Ashdown and Sons Undertakers has set up shop a few minutes south of Walt Disney World, offering their funeral services year-round to those who visit the all-new “Legends, A Haunting at Old Town” haunted house. But not all is as it seems, as the Ashdowns are having trouble with their dead: they simply won’t stay that way.
Following in the traditions of Terror on Church Street and Skull Kingdom, Legends is the latest in a line of year-round Orlando area haunted houses. Creators Jim Shackelford , Jay Westerman, and Dan Carro are counting scaring up business well beyond the Halloween season.
Video: Inside “Legends, A Haunting at Old Town”
Legends, A Haunting at Old Town replaces the former “Grimm House,” which closed late last year. Though the new haunted attraction’s exterior looks eerily similar, its insides have been gutted, now presenting a completely new show featuring modern special effects and animatronics as well as an enthusiastic cast of “twitchlings” and other creatures who lurk throughout its two-story halls.
Archibald Ashdown is the star of the new show, an undertaker who moved in to Old Town in 1889, having laid thousands of clients to rest since then. Unfortunately, many of those clients were still alive at the time, now forced into limbo, haunting the Legends location to this day. But you wouldn’t know it from Ashdown himself, a personable gentleman who was eagerly welcoming visitors into his establishment on this past opening weekend.
Ashdown is portrayed by co-owner Dan Carro, who started his haunting career as an actor at Orlando’s now defunct attraction Terror on Church Street, later working as Operations Manager of Skull Kingdom, more recently directing Old Town’s own Halloween festivities, now in their third year. His latest role puts him at the center of attention within Legends. Though it’s not clear if Ashdown still inhabits the same world the rest of us do, upon stepping into the funeral parlor, he’s among the first of its residents that visitors meet.
Beginning downstairs, the experience of visiting Legends, A Haunting at Old Town quickly reveals itself to be unlike any other haunt around. It’s a self-paced walkthrough, with groups of no more than six let in at once to offer more personal encounters, departing roughly every five minutes. Guests are welcomed in to Ashdown and Sons, offered a tour by some of its friendly, but somewhat sinister employees.
In an effort to dispel rumors about the parlor, the tour continues upstairs, where guests are invited to explore on their own, assured that absolutely nothing out of the ordinary will take place. Of course, that notion is dead wrong.
The remainder of the surprisingly long haunted attraction takes guests through the haunted rooms of the parlor, including the office, past the embalming table, through the morgue (naturally), into an ongoing funeral, and beyond. Along the way, guests will be surprised by close encounters with many of Legends’ creepiest characters along with startling animatronics and other visual effects.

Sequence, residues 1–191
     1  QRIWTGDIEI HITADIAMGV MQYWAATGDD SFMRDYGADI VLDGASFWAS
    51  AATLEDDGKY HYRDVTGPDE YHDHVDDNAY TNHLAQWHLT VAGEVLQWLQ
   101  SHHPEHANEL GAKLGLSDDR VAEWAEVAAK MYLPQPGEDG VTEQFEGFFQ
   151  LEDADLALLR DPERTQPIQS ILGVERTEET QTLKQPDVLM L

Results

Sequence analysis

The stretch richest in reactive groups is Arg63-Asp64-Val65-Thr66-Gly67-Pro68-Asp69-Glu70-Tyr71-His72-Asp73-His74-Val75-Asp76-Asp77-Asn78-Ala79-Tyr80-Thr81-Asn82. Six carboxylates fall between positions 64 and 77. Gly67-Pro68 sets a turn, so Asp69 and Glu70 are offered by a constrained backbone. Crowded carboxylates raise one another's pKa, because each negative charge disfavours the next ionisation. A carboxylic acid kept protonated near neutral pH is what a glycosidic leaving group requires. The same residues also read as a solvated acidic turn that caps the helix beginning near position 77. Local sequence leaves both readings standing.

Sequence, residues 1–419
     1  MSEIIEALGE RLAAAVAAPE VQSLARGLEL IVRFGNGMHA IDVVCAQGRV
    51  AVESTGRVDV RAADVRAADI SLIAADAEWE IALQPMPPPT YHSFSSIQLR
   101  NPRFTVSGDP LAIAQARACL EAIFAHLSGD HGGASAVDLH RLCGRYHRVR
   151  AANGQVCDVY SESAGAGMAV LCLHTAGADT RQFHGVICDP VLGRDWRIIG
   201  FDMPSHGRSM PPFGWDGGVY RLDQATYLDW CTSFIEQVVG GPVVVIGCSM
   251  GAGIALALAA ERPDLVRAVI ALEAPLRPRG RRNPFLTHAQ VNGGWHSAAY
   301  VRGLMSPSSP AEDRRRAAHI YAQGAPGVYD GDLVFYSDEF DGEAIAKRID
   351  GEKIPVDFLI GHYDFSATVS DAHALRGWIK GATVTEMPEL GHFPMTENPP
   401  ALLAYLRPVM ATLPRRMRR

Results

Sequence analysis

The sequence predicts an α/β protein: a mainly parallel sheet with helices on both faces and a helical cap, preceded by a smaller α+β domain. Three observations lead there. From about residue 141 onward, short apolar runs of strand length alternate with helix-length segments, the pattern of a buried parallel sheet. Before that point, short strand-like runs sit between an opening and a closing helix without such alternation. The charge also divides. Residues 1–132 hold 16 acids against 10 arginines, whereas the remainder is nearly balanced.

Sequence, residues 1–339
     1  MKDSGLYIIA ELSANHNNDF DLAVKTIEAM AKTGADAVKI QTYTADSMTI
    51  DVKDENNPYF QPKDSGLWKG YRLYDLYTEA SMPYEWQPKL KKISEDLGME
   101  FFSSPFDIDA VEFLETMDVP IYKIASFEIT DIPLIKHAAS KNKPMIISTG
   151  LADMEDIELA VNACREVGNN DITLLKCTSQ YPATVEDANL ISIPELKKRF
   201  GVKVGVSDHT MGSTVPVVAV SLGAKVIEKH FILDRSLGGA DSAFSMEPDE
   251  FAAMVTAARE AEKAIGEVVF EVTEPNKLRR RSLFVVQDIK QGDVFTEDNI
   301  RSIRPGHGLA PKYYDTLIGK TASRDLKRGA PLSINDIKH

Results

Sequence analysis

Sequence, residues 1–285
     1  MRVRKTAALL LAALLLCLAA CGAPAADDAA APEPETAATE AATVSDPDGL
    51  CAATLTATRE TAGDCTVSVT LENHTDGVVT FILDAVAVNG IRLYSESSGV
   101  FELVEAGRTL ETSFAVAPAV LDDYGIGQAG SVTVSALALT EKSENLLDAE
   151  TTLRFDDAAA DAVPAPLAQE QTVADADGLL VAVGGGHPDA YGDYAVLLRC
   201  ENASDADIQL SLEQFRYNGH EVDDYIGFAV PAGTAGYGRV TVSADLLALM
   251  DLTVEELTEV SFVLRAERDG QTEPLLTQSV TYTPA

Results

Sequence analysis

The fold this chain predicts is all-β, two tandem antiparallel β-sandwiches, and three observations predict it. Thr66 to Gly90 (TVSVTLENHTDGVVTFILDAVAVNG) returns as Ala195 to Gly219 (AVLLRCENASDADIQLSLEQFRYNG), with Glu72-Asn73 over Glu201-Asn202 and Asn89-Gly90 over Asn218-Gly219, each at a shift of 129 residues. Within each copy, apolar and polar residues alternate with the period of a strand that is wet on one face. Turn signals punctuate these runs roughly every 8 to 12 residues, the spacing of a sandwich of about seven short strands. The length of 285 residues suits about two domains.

But nowhere is safe inside this haunted house, as its actors are free to roam where they choose, never “chained” to any particular location. They may jump out of a dark corner or simply stalk visitors from behind. Or they might even gang up to unleash the full fury of fright when guests least expect it.
Shackelford and Carro are quick to note that they aren’t trying to compete with the big theme parks around town, instead offering a different sort of entertainment that complements those experiences. While Universal Orlando’s Halloween Horror Nights has tens of thousands of guests shuffling through their haunted houses each night during Halloween season, Legends aims to offer a more intimate experience in which they are happy to learn guests’ names and use that knowledge against them.
Legends, A Haunting at Old Town presents a stunning attention to detail in its environments, a completely believable funeral parlor down to the stale smell of old flowers and bad perfume. The cast of actors were carefully chosen among those who are most passionate about the art of haunting. And the special effects are state-of-the-art, using video projections and screens, moving set pieces, and plenty of advanced animatronics, including some developed by Distortions Unlimited, as seen on the Travel Channel show “Making Monsters.”
But this is just the beginning for Legends, as the team intends on continually updating the experience throughout the years to come. They’re using this location as a “laboratory” of sorts to try out new concepts and scare tactics. And there are plans to develop seasonal versions of the event, infusing a little horror into popular tourist times like Spring Break and even Christmas.
Also opening in November is Legends’ Haunted History Tours, offering a look at what are believed to be the real ghosts that haunt Old Town.
Those looking for extra scares this Halloween season can immediately head to Old Town on 192 in Kissimmee, just south of Walt Disney World near the town of Celebration. But even beyond Halloween season, Legends A Haunting at Old Town will continue to entertain, providing Orlando with more frightful fun throughout the year.
Tickets are just $15 for a trip through the haunted experience, with discounts becoming available starting in November. More information can be found at LegendsOldTown.com.
More photos of Legends, A Haunting at Old Town:
(Photos by Ricky Brigante and Michael Gavin)